The neo-Gothic Parliament, containing amongst other things the Hungarian Crown Jewels. Saint Stephen's Basilica, where the Holy Right Hand of the founder of Hungary, King Saint Stephen is on display. The Hungarian cuisine and café culture: for example, Gerbeaud Café, and the Százéves, Biarritz, Fortuna, Alabárdos, Arany Szarvas, Kárpátia and the world famous Mátyás Pince Restaurants. There are Roman remains at the Aquincum Museum, and historic furniture at the Nagytétény Castle Museum.

The Castle Hill, the River Danube embankments and the whole of Andrássy út have been officially recognized as UNESCO World Heritage Sites.

Castle Hill and the Castle District; there are three churches here, six museums, and a host of interesting buildings, streets and squares. The former Royal Palace is one of the symbols of Hungary – and has been the scene of battles and wars ever since the thirteenth century. Nowadays it houses two impressive museums and the National Széchenyi Library. The nearby Sándor Palace contains the offices and official residence of the President of Hungary. The seven-hundred year-old Matthias Church is one of the jewels of Budapest. Next to it is an equestrian statue of the first king of Hungary, King Saint Stephen, and behind that is the Fisherman's Bastion, from where opens out a panoramic view of the whole city. Statues of the Turul, the mythical guardian bird of Hungary, can be found in both the Castle District and the Twelfth District.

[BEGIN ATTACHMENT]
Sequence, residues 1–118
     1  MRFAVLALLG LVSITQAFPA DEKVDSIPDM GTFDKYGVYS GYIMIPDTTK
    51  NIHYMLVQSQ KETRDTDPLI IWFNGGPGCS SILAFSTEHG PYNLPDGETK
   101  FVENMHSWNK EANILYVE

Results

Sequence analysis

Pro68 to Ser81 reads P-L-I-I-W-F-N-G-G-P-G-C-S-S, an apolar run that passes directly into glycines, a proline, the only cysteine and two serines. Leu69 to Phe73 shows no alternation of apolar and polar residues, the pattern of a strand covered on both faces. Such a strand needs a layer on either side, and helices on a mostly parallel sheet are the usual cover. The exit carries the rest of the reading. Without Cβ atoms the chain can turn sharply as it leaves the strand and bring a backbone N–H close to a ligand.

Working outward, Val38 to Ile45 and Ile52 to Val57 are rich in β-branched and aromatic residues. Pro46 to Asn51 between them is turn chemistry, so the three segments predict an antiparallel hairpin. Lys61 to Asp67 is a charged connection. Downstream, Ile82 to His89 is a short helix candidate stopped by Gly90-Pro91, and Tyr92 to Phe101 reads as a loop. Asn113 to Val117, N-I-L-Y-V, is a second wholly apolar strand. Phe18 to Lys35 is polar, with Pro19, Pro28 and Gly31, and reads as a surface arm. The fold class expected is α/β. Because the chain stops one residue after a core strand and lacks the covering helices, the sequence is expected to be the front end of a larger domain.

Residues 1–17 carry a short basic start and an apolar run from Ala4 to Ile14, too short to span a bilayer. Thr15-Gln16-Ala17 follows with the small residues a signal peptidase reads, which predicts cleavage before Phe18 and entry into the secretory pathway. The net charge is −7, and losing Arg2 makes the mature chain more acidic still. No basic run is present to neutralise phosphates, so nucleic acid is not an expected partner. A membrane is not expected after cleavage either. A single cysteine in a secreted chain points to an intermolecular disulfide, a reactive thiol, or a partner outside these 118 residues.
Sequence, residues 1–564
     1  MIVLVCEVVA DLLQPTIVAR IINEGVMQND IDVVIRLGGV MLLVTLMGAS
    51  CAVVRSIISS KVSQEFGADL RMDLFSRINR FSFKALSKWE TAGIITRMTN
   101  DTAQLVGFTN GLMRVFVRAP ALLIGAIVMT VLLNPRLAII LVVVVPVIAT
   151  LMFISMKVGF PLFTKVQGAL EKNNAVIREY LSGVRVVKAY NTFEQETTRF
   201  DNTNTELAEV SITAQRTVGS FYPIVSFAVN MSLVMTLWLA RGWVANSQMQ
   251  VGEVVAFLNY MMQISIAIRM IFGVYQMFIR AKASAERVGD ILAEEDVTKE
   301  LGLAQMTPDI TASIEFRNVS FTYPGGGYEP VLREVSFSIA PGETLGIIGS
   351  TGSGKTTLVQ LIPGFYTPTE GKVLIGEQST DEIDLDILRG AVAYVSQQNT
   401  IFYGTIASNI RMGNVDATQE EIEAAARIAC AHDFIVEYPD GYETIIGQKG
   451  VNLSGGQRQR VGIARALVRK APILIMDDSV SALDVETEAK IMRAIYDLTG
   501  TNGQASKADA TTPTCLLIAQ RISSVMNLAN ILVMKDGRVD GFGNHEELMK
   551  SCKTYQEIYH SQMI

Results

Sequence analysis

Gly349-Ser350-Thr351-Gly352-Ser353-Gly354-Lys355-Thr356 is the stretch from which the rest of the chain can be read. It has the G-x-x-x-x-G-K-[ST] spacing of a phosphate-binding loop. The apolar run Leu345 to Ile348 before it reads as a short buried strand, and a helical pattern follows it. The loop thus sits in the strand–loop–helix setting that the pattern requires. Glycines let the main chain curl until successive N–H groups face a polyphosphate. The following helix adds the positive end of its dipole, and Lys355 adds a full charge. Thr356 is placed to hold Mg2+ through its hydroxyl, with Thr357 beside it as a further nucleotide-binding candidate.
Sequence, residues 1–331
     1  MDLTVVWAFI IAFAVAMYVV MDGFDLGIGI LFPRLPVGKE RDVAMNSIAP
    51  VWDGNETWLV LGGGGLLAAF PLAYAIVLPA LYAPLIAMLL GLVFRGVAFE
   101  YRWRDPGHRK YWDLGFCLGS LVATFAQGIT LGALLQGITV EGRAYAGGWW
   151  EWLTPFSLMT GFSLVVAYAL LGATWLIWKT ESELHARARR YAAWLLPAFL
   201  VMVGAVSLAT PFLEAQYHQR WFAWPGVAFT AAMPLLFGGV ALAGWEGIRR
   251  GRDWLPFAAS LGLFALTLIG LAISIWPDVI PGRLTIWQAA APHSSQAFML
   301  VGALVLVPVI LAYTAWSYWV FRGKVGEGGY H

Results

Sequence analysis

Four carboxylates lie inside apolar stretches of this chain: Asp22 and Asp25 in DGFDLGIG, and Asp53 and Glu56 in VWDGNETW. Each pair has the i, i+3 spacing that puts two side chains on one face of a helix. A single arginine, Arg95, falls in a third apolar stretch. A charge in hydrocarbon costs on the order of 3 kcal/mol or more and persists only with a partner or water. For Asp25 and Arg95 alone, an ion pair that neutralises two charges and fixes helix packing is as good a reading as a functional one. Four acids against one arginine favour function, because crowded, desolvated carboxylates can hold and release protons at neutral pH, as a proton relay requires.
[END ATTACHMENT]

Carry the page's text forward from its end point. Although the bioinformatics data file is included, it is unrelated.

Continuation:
In Pest, arguably the most important sight is Andrássy út. As far as Kodály Körönd and Oktogon both sides are lined with large shops and flats built close together. Between there and Heroes’ Square the houses are detached and altogether grander. Under the whole runs continental Europe’s oldest Underground railway, most of whose stations retain their original appearance. Heroes’ Square is dominated by the Millenary Monument, with the Tomb of the Unknown Soldier in front. To the sides are the Museum of Fine Arts and the Palace of Arts, and behind City Park opens out, with Vajdahunyad Castle. One of the jewels of Andrássy út is the Hungarian State Opera House.

The city is home to the largest synagogue in Europe (Dohány Street Synagogue)[32], the largest medicinal bath in Europe (Széchenyi Medicinal Bath) and the third largest Parliament building in the world, once the largest in the world. The third largest church in Europe (Esztergom Basilica) and the second largest Baroque castle in the world (Gödöllő) are in the vicinity.


WIKIPEDIA and www.rotas.xl.pt